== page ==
Sierra Foothills Rhone Varietals
Grow in Quality and Popularity
With numerous Best-of-Appellation awards bestowed to Sierra Foothill wineries for their Syrah, Viognier and other Rhone varietal wines, the spotlight shines brightly on this burgeoning region.
by Jean Deitz Sexton
May 16, 2008
here is a quiet revolution underfoot in the Sierra Foothills. While Zinfandel has long defined the region as its noble grape, Foothills winemakers are embracing Syrah, Viognier and other Rhone grapes, and proving nicely that the Foothills can be more than Zin heaven. The seeds of the revolution took hold in 1997 when Sierra Vista Winery owner John MacCready and Barry Bergman, winemaker of R.H. Phillips in the Dunnigan Hills area, formed the Rhone Rangers.
They had an informal Rhone cabal dating back to 1988 and decided it was time to create a formal group to educate the U.S. wine drinking public about Rhone style wines, says MacCready, their first president.
“In February, 1998, when we did the first tasting at Herbst Pavilion in San Francisco, people did not know Syrah or Viognier,” recalls MacCready, “and Grenache had a bad rep from the Grenache Rosé days.”
While the early Rhone Rangers movement was not confined to the Foothills, the early instigators were MacCready’s Pleasant Valley winery in the El Dorado AVA, Indian Springs in Nevada County, Karly Winery in Amador County and Madrona Vineyards and Perry Creek, in El Dorado County. These vineyards literally put a stake in the ground to prove that Rhone varieties had a place in vineyards along the Western rim of the States.
Today, MacCready says the Sierra Foothills remains the indisputable leader in Rhone varietals. Virtually every major AVA in the Foothills is now producing the most common red Rhone varietals – Syrah, Grenache and Mourvedre – and the dominant Whites: Viognier, Roussanne and Marsanne. Foothills growers are also cultivating Petite Sirah, Cinsault and some Grenache Blanc.
There’s Wine Gold in Them There Hills
“Syrah is a very versatile variety and makes very different styles of wine depending on the terroir,” says winemaker and Fair Play grower Marco Cappelli, who purchased the historic Herbert Vineyard. “In the Foothills, Syrah gives you dark blueberry and plum fruit and the minerality that comes from our decomposed granite soil.” Of 13 acres planted, Cappelli has 2.5 acres planted to Syrah, three acres to Petite Sirah and 1.5 acres planted to Roussanne. The remaining six acres are Zinfandel. He is also winemaker for Miraflores, whose estate vineyard in Pleasant Valley produces, among other wines, 150 to 200 cases of an interesting “Methode Ancienne” Syrah in which they tread the grapes and there is no crushing or destemming. Cappelli describes the wine as having more spice and exotic qualities than other Foothills Syrahs.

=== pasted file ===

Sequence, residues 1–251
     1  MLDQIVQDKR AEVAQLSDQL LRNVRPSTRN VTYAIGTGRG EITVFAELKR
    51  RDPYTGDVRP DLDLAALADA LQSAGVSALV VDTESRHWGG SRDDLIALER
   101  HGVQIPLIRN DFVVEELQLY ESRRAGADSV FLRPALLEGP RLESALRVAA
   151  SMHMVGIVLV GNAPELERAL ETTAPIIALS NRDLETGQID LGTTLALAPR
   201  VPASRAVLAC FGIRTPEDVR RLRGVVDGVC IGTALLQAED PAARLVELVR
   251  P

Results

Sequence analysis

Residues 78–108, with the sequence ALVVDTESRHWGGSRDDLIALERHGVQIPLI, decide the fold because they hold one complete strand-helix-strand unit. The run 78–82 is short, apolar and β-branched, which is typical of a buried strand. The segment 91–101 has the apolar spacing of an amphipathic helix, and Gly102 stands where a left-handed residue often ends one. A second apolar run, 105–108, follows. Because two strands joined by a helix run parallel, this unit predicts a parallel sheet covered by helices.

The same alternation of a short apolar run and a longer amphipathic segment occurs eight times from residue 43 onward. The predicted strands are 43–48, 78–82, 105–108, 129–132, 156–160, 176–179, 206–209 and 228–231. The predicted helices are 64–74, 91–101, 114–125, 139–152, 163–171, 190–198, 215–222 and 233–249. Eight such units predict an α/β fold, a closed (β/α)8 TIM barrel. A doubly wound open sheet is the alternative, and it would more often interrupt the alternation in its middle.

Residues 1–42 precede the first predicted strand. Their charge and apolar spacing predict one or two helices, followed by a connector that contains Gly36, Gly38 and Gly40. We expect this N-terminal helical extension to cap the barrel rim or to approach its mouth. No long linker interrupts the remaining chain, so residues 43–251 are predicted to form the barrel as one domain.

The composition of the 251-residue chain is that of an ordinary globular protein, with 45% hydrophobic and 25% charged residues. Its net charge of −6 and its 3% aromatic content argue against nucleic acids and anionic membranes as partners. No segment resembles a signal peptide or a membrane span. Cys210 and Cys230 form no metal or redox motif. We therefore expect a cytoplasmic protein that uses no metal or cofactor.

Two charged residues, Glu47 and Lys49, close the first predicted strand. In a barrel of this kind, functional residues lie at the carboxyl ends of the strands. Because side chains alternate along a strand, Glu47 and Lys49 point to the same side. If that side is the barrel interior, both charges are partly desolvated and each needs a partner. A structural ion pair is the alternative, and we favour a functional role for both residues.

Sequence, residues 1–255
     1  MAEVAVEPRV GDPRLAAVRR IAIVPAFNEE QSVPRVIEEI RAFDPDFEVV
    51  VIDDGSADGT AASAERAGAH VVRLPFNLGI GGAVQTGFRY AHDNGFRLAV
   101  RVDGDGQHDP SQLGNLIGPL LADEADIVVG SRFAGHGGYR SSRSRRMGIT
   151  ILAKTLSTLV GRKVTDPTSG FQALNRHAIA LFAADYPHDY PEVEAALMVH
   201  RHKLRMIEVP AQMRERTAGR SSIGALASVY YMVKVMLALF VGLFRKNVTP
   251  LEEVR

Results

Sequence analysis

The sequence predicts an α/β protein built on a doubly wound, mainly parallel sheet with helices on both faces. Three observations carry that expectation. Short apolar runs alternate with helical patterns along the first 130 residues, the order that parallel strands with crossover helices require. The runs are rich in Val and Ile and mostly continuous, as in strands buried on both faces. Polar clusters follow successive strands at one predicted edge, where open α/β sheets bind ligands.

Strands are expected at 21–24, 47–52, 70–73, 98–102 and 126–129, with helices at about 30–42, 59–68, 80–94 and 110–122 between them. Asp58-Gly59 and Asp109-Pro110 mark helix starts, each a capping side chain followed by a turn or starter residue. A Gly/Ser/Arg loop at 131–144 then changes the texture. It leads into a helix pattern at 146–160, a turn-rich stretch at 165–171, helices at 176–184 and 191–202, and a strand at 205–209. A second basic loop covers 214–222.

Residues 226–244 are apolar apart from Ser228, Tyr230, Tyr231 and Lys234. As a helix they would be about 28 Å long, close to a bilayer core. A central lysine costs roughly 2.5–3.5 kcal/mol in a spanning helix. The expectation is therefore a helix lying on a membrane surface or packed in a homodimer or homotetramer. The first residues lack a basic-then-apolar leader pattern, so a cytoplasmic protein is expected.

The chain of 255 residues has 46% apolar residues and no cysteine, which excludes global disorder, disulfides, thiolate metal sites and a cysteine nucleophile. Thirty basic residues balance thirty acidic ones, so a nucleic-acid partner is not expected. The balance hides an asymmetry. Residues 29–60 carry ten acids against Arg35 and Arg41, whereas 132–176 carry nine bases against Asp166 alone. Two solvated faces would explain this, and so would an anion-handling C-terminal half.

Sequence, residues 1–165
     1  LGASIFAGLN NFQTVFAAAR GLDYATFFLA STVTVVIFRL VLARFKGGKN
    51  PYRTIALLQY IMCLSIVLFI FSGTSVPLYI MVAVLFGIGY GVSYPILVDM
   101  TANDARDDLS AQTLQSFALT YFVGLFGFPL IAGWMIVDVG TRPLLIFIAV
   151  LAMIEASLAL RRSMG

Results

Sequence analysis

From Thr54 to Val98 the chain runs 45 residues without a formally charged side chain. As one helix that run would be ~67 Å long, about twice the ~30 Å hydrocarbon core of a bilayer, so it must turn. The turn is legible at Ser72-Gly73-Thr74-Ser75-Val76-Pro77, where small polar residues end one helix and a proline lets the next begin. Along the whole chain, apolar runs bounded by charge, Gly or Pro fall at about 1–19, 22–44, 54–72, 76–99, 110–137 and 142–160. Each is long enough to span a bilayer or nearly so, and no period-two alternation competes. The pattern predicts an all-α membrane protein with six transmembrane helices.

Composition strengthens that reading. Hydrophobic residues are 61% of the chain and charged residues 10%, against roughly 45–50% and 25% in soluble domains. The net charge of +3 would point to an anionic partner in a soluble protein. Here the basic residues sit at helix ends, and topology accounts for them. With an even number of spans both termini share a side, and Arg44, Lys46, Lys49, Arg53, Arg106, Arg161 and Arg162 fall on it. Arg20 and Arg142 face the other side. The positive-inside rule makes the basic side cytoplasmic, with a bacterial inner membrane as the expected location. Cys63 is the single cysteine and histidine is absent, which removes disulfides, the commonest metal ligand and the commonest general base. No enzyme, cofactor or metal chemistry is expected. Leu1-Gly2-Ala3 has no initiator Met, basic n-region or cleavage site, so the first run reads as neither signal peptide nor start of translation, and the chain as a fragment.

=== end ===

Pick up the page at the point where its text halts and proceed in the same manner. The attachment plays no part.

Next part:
Foothills winemakers often draw comparisons between the climates of the Northern and Southern Rhone when explaining the logic of devoting acreage to Rhone varietals. “Our climate (El Dorado AVA) is identical to that of the Northern Rhone. It is essentially a cool growing region, at 1,200-feet elevation and higher, and works well for Syrah,” says MacCready. He farms six of his 32 acres in Syrah and is excited about the new clones he is working with from the Northern Rhone valley. “These berries are half the size and spherical in shape and are producing a more intense, darker wine with more smokiness,” he says. MacCready is blending his original clones with the newer ones, and producing Syrah that he describes as having a darker character, yet still fruity and with great structure.
In Calaveras County, Twisted Oak winemaker Scott Klann says the appellation is similar to the Southern Rhone. It is a hot, arid climate with a continental Mediterranean influence. The grapes grow in elevations ranging from 1,500 to 2,000 feet, a midpoint in the Foothills which enables constant air flow, cooling the vineyards down at night and giving the vines a chance to rest. It preserves acidity. Soils tend to vary in the ‘geological chaos’ that is the Foothills’ hallmark. “You can have different soil strata 100 feet apart in the same vineyard block,” says Klann. “The loamy and gravelly aspects of our soils are ideal for Rhone varietals because they are so well drained. We monitor the vines for stress very carefully since the soils are so well drained that the vines can lose water.”
Syrah’s Versatility Thrives in the FoothillsAnother proof of Syrah’s versatility is its expression in the Shenandoah Valley AVA, where Montevina Winery in Plymouth produces 5,000 cases of an estate Syrah - 3,500 under the Montevina label and 1,500 under the Terra D’Oro label, which offers a bigger, more complex style. Zinfandel remains the winery’s stock in trade, at 90,000 to 100,000 cases produced of its total 250,000-case production. “Syrah does very well in the Foothills and shows the breadth of your appellation,” says Montevina Vice President and General Manager Jeff Meyers.
The Shenandoah Valley AVA, at 1,600-feet elevation, is more consistent in soil, climate a
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